Area Forecast Discussion
Issued by NWS Topeka, KS

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FXUS63 KTOP 281107

607 AM CDT Sat Mar 28 2015

...Update to aviation forecast discussion...

.SHORT TERM...(Today and Tonight)
Issued at 411 AM CDT SAT MAR 28 2015

Early Saturday morning, a weak trough evident in surface pressure
analysis and implied in WV imagery was moving south across eastern
Nebraska. West-to-east isentropic upslope flow in the mid levels was
being enhanced in advance of this wave, and was resulting in
increasing radar returns across southeast NE and eastern KS. The
reflectivity patterns also indicate that the lift was being enhanced
by weak convective instability on the west edge of this precip and
CSI in far northeast KS and northwest MO. Dry air in the lowest 5000
feet AGL (evident in the 00Z TOP RAOB) was inhibiting much of this
precip from reaching the ground, but decreasing dewpoint depressions
and radar reflectivity noted lower in the vertical suggests that
pockets of sprinkles or even light snow showers may be reaching the
ground in eastern KS. The enhanced reflectivity is also training
over the same areas which will help continue to saturate down and
expect slightly increased coverage of light showers in the near
term. However, subsidence will take over as the weak trough passes,
and expect this light activity to come to an end shortly after
sunrise with decreasing cloud cover through the morning. Winds will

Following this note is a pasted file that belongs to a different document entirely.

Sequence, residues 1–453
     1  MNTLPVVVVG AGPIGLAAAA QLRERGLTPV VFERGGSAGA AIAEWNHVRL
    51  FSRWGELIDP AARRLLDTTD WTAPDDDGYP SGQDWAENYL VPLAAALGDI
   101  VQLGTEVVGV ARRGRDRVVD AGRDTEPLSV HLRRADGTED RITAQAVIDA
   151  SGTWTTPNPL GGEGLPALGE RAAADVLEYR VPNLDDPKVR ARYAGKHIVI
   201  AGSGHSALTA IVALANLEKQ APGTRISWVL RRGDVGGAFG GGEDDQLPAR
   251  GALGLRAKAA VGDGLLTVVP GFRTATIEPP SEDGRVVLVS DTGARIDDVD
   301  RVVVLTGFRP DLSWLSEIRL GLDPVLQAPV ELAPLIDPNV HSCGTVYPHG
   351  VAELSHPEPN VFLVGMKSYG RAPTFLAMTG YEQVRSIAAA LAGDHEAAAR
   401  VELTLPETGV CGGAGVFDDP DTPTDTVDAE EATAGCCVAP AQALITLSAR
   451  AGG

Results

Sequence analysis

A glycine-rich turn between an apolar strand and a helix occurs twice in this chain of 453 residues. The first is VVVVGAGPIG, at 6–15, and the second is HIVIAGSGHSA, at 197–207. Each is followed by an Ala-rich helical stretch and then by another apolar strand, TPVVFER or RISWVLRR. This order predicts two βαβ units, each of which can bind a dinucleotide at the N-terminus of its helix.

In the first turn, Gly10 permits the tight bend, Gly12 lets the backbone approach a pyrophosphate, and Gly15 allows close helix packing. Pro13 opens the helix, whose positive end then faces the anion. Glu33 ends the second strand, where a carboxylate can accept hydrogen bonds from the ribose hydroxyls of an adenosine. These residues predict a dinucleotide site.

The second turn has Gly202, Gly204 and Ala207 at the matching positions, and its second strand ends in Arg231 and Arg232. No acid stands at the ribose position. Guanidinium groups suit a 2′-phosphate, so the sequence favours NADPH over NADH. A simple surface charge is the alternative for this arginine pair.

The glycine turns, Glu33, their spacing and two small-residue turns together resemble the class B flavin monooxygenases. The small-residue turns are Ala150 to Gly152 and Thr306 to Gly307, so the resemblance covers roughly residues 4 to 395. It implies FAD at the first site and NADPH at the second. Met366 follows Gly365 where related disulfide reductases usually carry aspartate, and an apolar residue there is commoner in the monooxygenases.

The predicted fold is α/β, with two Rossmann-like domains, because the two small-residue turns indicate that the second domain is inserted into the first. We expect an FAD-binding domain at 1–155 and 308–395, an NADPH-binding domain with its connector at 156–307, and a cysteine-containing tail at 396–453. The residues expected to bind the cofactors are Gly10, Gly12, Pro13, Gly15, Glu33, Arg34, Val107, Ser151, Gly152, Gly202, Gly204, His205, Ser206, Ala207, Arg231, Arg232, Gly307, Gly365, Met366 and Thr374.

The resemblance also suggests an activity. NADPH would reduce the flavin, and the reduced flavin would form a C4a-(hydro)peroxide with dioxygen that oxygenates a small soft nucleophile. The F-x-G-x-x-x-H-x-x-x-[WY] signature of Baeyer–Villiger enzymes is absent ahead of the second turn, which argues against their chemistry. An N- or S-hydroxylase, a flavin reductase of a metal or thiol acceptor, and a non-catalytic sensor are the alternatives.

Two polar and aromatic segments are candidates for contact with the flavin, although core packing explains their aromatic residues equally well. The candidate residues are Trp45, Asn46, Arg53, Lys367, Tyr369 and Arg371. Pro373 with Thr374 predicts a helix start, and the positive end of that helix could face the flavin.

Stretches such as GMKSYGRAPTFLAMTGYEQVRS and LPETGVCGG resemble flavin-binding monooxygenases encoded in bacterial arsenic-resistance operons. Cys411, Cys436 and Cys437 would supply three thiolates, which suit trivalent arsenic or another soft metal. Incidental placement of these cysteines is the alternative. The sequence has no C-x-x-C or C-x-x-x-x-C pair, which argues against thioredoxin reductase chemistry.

become southerly through the day and sunshine should bring temps
into the middle 50s east and middle 60s in central KS.

A fairly strong short wave trough, currently coming on shore in the
NW CONUS, will track across the northern Plains into the upper
Mississippi Valley by early Sunday morning. This system will aid in
developing a strong LLJ overhead with persistent isentropic ascent
tonight. Additionally, a surface front will enter the forecast area
on Sunday morning. Currently expect to have weak elevated
instability above the LLJ moisture advection as mid level
temperatures cool near sunrise. This should result in scattered
shower development, and while a thunderstorm is not totally out of
the question have not included it in the forecast at this time given
rather weak instability. Overnight low temperatures will be a bit
warmer with persistent southerly winds and some warm advection.

.LONG TERM...(Sunday through Friday)
Issued at 411 AM CDT SAT MAR 28 2015

Models continue to show a mid-level shortwave trough tracking across
the Northern Plains and into the Great Lakes region on Sunday, which
will help to push a weak cold front into north central Kansas Sunday
morning and exit the area Sunday afternoon. While the models are in
good agreement that the better moisture and lift will be focused
further north and east, there is still some uncertainty with how far
into the forecast area the light rain will extend. Have kept low-end
chance PoPs in far northeast Kansas as they should be clipped by
some showers, but have dry conditions by the afternoon hours.
Despite the shift to northwesterly winds behind the frontal passage,